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‘A good run’: Nevada Union High School debate partners qualify to compete in Tournament of Champions

By Victoria Penate | Staff Writer
Nevada Union High School junior Jackson Witt, left, and senior Evelyn Grandfield are the fourth-ever team from their school to qualify for the Tournament of Champions, a prestigious national debate tournament held in April.
Submitted to The Union

Nevada Union High School debate partners Evelyn Grandfield and Jackson Witt, a senior and junior respectively, are the fourth-ever team from their school to qualify to compete in the Tournament of Champions.

Qualifying for this tournament requires securing two bids — each earned by completing multiple preliminary rounds and succeeding in elimination rounds — in qualifying tournaments.

Grandfield and Witt earned their second bid earlier this month at a tournament hosted virtually by the University of Nevada, Las Vegas, an achievement Witt said he was “super excited” about.

As he looks toward his senior year, Witt said recruitment is a key issue for Nevada Union’s debate program, explaining, “Early recruitment, and debating from a freshman to a senior, is something that can really help your chances of succeeding.”

Witt said he is thankful for the program’s coaches, Stephen Goldberg and Dan Stanfield, as well as the parents who support the program, who he said “have helped us get to where we are.”

“It’s been amazing to do this as a senior,” said Grandfield, explaining that she is able to take a leadership role and be an example to students in the school’s debate elective class, which she teaches alongside Witt.

Grandfield said the preparation she and Witt have done for competition has involved reading many books and articles — in this case, on criminal justice reform, which was chosen as this year’s topic nationwide for high school policy debaters.

“To be able to talk about criminal justice reform policies has been a very formative experience, and teaches you so much about the biggest issues going on the world,” said Grandfield.

Goldberg, who has coached Nevada Union Debate for over 20 years, described the Tournament of Champions, held each April, as “the most prestigious and most difficult to qualify for championship that we have.”

According to Goldberg, the program is on “a good run,” as three out of the four times a Nevada Union team has qualified for this tournament have been within the last few years — in 2018, 2019, and now 2021.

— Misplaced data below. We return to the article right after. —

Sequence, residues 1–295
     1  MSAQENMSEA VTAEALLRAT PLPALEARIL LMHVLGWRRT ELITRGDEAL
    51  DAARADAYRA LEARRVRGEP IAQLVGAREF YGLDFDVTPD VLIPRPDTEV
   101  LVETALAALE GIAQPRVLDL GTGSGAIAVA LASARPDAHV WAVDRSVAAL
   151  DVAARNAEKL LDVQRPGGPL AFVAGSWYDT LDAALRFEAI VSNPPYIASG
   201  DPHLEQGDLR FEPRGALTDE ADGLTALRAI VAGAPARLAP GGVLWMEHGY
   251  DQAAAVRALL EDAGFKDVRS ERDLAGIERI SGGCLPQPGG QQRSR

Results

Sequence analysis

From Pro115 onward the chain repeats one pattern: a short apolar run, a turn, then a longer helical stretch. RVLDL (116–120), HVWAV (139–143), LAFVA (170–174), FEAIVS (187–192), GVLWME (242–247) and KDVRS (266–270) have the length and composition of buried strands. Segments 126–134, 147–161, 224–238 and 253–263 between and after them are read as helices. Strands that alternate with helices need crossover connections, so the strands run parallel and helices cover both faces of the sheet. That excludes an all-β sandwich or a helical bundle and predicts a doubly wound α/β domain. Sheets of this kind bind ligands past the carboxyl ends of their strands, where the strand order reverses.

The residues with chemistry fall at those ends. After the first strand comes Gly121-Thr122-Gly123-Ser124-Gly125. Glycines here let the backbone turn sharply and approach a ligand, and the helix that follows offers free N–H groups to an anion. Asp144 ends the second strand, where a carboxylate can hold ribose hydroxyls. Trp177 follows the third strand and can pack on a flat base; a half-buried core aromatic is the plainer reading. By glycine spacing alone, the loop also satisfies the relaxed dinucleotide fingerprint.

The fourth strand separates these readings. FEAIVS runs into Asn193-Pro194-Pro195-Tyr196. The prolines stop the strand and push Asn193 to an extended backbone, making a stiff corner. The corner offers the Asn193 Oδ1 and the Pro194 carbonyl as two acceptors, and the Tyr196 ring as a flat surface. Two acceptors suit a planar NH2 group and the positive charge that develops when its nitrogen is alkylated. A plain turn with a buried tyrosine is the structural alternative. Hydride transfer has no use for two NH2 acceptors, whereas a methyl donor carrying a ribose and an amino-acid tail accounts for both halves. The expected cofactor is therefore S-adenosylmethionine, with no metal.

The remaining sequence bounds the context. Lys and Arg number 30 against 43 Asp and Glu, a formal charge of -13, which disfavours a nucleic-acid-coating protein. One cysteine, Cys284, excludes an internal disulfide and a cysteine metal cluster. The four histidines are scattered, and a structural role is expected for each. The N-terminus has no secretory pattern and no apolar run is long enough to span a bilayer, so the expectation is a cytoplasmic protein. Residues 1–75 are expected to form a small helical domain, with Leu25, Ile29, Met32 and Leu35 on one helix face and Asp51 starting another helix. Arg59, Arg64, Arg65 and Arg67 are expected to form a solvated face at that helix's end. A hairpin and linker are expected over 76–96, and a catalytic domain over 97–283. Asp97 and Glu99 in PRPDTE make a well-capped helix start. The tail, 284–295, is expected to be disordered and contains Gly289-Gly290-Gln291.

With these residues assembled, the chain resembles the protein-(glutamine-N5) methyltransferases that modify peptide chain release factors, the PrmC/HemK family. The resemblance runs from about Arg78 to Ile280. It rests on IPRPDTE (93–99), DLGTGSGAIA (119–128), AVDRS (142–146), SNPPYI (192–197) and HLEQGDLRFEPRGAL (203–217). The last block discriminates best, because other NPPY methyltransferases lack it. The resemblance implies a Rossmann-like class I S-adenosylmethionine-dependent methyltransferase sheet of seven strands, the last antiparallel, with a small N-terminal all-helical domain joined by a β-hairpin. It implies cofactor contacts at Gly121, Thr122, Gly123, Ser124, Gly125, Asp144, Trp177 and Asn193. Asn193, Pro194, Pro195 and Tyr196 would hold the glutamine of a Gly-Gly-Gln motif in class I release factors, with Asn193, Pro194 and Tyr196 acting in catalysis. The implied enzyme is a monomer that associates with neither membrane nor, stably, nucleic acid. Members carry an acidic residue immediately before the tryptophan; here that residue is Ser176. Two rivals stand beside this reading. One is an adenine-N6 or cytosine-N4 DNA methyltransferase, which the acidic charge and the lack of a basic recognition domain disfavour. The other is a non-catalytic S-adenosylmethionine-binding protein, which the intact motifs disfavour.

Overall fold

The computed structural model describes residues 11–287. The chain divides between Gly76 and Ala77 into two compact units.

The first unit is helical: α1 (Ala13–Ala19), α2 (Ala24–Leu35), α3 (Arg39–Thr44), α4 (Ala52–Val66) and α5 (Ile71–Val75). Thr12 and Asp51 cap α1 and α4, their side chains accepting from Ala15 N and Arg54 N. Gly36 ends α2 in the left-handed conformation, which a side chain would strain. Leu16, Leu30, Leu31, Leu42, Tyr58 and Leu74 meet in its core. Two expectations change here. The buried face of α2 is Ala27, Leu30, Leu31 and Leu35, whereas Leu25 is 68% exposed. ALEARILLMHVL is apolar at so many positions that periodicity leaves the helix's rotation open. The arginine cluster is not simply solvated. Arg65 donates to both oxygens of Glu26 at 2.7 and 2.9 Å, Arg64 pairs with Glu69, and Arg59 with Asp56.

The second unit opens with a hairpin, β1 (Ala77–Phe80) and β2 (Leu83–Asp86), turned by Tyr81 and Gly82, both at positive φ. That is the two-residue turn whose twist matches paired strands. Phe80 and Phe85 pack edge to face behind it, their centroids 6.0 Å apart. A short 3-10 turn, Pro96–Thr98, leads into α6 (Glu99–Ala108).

“There aren’t very many rural schools that have nationally competitive debate programs, and that’s one of the things that makes Nevada Union’s program both special and unique,” he said.

Jamie Hogenson, Witt’s mother and the vice president of the program’s booster club, said qualifying for this tournament is the culmination of years of preparation for the students — both of whom began debate in middle school.

Ryan Witt, Jackson Witt’s father, described each tournament the students participate in as a time-intensive undertaking. “It’s quite a feat in any tournament to achieve one (bid), so they were definitely very excited when they got their second,” he said.

Claire McAdams, Grandfield’s mother and the president of the booster club, said, “We really appreciate the community support, and would love to see the Tournament of Champions be a way for people to get fired up on helping the club for future teams.”

District Superintendent Brett McFadden called supporting the Nevada Union debate program, currently the only one in the district, a “high priority,” saying the skills students are able to hone through debate are “an enormous benefit to analytical skill development.”

“You have to do a ton of research, and think out and process your argument, so they’re skills that can benefit almost any profession or vocation,” said McFadden.

Victoria Penate is a staff writer for The Union. She can be reached at vpenate@theunion.com.


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